Dubai: An exhibition displaying the first banknotes of independent Pakistan will be showcased in Dubai, on the occasion of Pakistan Day on March 23.
Displayed at Numisbing, a Dubai-based specialised numismatics company in Deira, the exclusive collection will give a collectors and connoisseurs the chance to acquire a part of Pakistan’s history.
People interested in getting a glimpse of this unique showcase, can visit the showroom during the week, while others interested in retaining a piece of history, can buy the entire collection for Dh20,000. The collection consists of a set of five notes of denominations 1, 2, 5, 10 and 100 rupees. Collectors can also purchase individual notes, which start from Dh1,000 onwards.
“Obsolete banknotes can be worth anywhere from $10 to $10,000 (Dh36,732). The value is based on the condition, denomination, bank of issue and many other criterions. Banknotes could be a better investment than real estate, gold or stocks,” said Ramkumar, professional numismatist and founder of Numisbing.
However, Ramkumar explained that not everyone buys banknotes for investment purposes. “Many are just interested in retaining the piece of history and passing it on to generations. Whatever the reason, it’s always fascinating to collect old currency notes,” he added.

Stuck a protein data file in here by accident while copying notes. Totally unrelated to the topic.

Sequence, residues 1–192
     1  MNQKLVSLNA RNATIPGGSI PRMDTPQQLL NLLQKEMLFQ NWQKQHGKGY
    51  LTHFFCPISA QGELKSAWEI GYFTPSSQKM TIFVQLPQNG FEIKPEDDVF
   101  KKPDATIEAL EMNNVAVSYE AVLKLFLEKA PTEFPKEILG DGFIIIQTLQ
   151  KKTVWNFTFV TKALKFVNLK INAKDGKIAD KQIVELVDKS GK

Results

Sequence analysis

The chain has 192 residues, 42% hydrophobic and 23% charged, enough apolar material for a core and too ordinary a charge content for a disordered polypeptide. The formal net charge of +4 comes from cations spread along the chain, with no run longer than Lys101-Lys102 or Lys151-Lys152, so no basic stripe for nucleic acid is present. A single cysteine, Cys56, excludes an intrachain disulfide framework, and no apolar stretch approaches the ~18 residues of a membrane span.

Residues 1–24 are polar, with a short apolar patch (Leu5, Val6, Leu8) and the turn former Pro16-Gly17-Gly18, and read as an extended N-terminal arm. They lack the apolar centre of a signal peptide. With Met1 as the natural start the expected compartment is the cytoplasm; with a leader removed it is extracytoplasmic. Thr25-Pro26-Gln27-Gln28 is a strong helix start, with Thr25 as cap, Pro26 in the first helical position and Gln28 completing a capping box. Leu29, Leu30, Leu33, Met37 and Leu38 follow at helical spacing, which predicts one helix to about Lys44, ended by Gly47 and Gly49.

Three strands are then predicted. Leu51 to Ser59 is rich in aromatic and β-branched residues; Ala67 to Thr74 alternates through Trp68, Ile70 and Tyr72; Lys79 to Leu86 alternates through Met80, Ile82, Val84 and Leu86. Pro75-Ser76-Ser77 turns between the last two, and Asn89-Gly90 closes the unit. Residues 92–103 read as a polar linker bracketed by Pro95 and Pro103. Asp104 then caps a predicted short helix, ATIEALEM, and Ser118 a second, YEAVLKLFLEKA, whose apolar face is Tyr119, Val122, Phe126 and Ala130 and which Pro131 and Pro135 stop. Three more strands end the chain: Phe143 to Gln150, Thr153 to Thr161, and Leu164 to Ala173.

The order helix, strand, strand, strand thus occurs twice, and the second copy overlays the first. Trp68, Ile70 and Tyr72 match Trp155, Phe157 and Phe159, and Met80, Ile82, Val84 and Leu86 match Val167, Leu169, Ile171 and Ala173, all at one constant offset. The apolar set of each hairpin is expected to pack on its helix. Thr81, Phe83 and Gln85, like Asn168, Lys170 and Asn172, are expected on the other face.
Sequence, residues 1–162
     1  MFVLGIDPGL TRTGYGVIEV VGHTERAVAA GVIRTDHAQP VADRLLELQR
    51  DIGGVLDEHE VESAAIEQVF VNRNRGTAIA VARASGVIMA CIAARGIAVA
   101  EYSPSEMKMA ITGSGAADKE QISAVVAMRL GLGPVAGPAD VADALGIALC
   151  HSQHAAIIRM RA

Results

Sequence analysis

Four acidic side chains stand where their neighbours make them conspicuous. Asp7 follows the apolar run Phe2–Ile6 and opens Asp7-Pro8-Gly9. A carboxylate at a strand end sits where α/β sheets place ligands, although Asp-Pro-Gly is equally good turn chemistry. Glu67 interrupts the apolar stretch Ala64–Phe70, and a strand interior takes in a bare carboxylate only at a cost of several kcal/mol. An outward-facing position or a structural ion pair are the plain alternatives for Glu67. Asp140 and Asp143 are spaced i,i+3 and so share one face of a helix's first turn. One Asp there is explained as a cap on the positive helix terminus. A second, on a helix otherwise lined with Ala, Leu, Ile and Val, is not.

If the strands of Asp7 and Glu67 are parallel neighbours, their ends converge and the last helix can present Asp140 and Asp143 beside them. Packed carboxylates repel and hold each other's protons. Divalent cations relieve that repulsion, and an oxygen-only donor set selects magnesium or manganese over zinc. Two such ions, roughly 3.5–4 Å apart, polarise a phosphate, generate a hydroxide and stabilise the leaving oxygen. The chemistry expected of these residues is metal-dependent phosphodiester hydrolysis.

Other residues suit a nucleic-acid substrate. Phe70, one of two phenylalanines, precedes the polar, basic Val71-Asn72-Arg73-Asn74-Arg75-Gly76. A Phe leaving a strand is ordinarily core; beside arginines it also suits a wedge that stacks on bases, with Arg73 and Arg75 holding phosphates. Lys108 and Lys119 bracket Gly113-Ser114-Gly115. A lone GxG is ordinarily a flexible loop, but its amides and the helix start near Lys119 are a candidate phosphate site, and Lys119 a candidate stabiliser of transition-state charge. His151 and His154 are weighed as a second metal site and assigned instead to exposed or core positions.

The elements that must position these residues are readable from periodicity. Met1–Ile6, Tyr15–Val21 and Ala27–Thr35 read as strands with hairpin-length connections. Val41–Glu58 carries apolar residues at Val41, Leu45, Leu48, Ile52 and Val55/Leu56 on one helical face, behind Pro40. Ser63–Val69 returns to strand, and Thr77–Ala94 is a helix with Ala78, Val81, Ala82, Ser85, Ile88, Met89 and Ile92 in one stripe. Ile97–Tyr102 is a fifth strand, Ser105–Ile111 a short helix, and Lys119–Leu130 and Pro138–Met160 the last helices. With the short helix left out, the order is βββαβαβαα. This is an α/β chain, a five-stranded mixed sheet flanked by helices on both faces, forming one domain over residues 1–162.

“Banknotes are also a genuine artefact of the past, capturing exciting areas in the world history. The serious, organised collecting of paper money dates back to the early to mid-20th century. Today, it’s one of the fastest growing areas of numismatics,” said Ramkumar.
The Pakistani rupee was put into circulation after the country got independence from the British Raj on August 14, 1947. Initially, Pakistan used British Indian coins and notes simply over-stamped with ‘Pakistan’. On 1 April 1948, provisional notes were issued by the Reserve Bank of India and the Government of India on behalf of the Government of Pakistan, for use exclusively within Pakistan, without the possibility of redemption in India. Printed by the India Security Press in Nasik, these notes consist of Indian note plates engraved (not overprinted) with the words ‘Government of Pakistan’ in English and ‘Hukumat-e-Pakistan’ in Urdu added at the top and bottom, of the watermark area on the front only. The signatures on these notes remain those of Indian banking and finance officials.